Here are the books and comics I'm most looking forward to that come out in August!
After the Rain is the graphic novel adaptation of Nnedi Okorafor's story "On the Road". The story is adapted by John Jennings and illustrated by David Brame. After the Rain is slated to come out in January of 2021. I received an advanced copy through NetGalley. The story follows Chioma, a Nigerian-American detective from Chicago, who is on a trip to a Nigerian village to visit some of her relatives. After the beginning of her visit is plagued by a fierce rainstorm lasting days on end, Chioma finds herself in trouble when she answers the door to a boy with a serious head injury. His touch burns Chioma and things begin to spiral out of control.
Wonder Woman: Tempest Tossed is one of the latest entries in DC's recent effort at targeting original graphic novels at the YA audience. I've found the campaign to be largely successful, including some great entries like Harley Quinn: Breaking Glass and Shadow of the Batgirl. DC recruited NY Times bestselling YA author Laurie Halse Anderson to pen Tempest Tossed and got one of my favorite artists, in Leila del Duca, to illustrate. Any book with art by del Duca is about as close as you'll get to an auto-read for me. The book's creative team is notably comprised of only women. Colorist Kelly Fitzgerald and letter Siena Temosonte round out the team.
Dragon Ball Super, vol. 3 is the third volume in the revived Dragon Ball series from Akira Toriyama. This series finds Toriyama himself taking over the story telling duties on the series for the first time since Dragon Ball Z concluded. With the help of artist Toyotaro, Toriyama is once again telling stories about the characters and in the world of one of the most well-known manga of all time.
November volume 2 picks up in the immediate aftermath of the first volume that came out last year. This volume is about the same length as the first volume, coming in at about 80 pages. I think the release model for the series is pretty interesting. You'll end up with amounts to a pretty hefty graphic novel coming out in three chunks over the course of about 18 months.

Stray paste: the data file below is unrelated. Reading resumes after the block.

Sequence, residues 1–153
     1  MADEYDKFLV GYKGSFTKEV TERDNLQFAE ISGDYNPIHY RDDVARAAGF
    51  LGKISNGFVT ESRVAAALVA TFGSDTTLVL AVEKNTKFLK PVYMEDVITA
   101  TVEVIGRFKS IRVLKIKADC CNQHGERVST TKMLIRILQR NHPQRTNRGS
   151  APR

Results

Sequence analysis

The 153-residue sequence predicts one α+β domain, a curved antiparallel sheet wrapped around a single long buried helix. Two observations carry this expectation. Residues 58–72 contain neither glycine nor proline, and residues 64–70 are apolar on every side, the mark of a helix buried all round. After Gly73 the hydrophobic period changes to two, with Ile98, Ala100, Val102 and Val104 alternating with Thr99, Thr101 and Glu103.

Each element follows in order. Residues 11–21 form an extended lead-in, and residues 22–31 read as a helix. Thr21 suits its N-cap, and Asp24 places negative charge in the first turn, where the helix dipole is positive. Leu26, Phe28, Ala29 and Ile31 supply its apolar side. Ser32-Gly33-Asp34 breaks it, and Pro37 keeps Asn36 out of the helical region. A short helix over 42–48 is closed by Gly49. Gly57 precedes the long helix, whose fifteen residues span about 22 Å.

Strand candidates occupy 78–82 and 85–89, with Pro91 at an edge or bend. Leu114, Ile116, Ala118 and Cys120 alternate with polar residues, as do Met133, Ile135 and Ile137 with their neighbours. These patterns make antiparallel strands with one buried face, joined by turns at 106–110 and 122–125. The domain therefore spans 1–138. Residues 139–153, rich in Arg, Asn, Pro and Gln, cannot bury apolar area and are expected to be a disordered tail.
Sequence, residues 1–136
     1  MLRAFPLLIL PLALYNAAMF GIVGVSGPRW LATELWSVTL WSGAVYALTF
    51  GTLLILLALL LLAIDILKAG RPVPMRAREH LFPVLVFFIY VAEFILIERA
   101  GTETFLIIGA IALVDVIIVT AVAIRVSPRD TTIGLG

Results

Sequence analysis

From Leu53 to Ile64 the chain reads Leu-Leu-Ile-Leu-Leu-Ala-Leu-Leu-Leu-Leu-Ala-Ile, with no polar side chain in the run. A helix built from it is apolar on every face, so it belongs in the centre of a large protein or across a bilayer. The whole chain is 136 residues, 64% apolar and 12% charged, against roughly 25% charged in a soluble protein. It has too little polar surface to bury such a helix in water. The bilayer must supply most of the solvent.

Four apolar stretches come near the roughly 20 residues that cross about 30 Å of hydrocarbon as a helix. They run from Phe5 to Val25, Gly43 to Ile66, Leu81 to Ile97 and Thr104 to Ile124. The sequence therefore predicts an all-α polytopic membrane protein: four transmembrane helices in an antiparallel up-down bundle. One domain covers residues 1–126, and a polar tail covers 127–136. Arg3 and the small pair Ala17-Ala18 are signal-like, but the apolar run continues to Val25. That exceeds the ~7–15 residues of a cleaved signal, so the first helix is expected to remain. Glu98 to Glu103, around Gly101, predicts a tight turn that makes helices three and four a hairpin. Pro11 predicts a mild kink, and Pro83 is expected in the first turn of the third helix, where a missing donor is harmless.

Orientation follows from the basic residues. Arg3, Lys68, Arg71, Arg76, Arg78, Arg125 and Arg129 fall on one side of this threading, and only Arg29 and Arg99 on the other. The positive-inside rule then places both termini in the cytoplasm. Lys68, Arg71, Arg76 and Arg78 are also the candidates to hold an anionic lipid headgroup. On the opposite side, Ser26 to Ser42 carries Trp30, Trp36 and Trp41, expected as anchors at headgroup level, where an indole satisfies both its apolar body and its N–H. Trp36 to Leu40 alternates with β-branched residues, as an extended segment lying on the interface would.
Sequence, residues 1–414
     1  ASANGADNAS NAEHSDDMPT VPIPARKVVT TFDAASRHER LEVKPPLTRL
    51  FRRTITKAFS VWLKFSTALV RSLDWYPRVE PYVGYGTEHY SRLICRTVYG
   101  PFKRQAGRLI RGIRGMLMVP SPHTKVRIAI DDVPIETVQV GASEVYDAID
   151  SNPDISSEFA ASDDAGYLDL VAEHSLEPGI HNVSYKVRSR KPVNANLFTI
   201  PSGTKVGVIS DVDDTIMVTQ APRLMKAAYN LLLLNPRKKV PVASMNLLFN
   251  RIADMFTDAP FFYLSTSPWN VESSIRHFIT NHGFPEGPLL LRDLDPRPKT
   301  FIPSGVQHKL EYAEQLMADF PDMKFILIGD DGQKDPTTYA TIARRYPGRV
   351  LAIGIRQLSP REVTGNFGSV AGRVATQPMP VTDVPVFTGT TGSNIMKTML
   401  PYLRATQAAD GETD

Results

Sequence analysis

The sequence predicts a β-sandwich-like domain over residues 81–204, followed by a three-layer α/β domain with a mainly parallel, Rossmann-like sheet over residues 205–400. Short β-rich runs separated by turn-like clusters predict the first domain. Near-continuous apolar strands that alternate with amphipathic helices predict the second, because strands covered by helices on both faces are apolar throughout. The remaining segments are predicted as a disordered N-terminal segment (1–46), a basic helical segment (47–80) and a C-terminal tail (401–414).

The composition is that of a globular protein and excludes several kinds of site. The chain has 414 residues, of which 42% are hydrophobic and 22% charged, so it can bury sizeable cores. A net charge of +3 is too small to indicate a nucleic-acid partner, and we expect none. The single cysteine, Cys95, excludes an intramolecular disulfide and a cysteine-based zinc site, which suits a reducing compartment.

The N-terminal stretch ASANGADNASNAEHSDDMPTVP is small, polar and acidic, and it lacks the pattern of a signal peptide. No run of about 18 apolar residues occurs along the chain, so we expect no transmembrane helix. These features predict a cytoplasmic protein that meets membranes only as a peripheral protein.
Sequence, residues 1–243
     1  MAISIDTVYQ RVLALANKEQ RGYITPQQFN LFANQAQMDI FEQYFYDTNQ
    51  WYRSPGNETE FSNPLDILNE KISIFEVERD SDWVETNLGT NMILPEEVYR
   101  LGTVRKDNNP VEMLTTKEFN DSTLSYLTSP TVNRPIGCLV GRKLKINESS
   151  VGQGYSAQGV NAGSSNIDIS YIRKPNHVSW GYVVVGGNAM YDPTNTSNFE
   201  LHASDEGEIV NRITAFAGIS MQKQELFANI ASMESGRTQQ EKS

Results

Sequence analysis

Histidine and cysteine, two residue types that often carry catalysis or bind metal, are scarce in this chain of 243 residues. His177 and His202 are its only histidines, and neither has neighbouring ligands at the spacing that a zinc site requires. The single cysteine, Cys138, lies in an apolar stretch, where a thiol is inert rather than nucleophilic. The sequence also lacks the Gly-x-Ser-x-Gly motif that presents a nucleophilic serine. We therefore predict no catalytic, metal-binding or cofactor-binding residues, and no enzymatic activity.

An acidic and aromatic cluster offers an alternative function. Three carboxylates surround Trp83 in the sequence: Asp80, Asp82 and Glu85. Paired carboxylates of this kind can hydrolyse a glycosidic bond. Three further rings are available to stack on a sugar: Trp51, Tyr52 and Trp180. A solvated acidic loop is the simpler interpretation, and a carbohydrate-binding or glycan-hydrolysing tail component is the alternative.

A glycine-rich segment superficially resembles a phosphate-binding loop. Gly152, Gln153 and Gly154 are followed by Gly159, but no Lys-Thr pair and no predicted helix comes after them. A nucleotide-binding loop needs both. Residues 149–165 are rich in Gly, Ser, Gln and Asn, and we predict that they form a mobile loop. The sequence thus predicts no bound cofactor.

It's a little bit early, but here are my favorite things that I read in June 2020. Most of them had been released before this month. It was a month marked by trying to focus on primarily reading work from Black creators. It was also a month marked by having difficulty focusing on reading, spending a good deal of time doomscrolling instead. Nonetheless, I still managed to read quite a bit and discovered some great works from authors old and new to me.
This was absolutely bonkers. Usually I start a review by giving a brief synopsis of what the book is about, but I felt this one warranted a bit of commentary first. Crocodile Baron is a manga about a talking, high-class crocodile novelist who is always on the search for the finest culinary treats that Japan has to offer. Donning his top hat, with his side-kick, Rabbit, in-tow, Crocodile departs to a new area of Japan in each chapter after hearing about the best place to get Japanese favorites like Udon or Takoyaki. If that sounds like a pretty crazy premise for a book, it's only because it absolutely is.
Rep. John Lewis, the Congressman serving Georgia's 5th district since 1987, is one of the most titanic figures of the United States Civil Rights movement from the 1950's and 1960's. In a trilogy of graphic novels, co-written by Andrew Aydin and illustrated by Nate Powell, Lewis recounts his involvement in the movement. Across the three books, virtually every major event during the movement is covered. This history of the battle for justice and equality for Black Americans is essential knowledge as the fight continues well into the twenty-first century. March serves as a reminder of how far the nation was able to progress due to the sheer, unrelenting will of African Americans during Rep. Lewis' life and just how far we collectively have to go.
LaGuardia is a 4-issue series written by Hugo award winning author Nnedi Okorafor with art by Tana Ford. The series is part of the Berger Books imprint at Dark Horse that's run by legendary former Vertigo editor Karen Berger. Taking place an indeterminate amount of time in the future, LaGuardia finds an Earth where aliens are now integrated with human society. Future, a pregnant Nigerian-American doctor, is returning home to New York City after several years living in Lagos, Nigeria. Future's stated reason for returning home is to raise her child at home in America, but some mystery surrounds Citizen, the father of her child, and the sentient illegal plant named Letme Live that Future has smuggled into the United States.
As part of an effort to boost Black voices in the comics and book community, I'm trying to mostly only read works by Black writers and artists for the month of June. This time I pulled down one I've been looking forward to for a while. Bitter Root , Vol. 1 collects the first 5 issues of the series written by David F. Walker and Chuck Brown and drawn by Sanford Greene. A sci-fi/horror series about a family of Black monster hunters living in 1920's Harlem, it felt like a natural fit to read this month.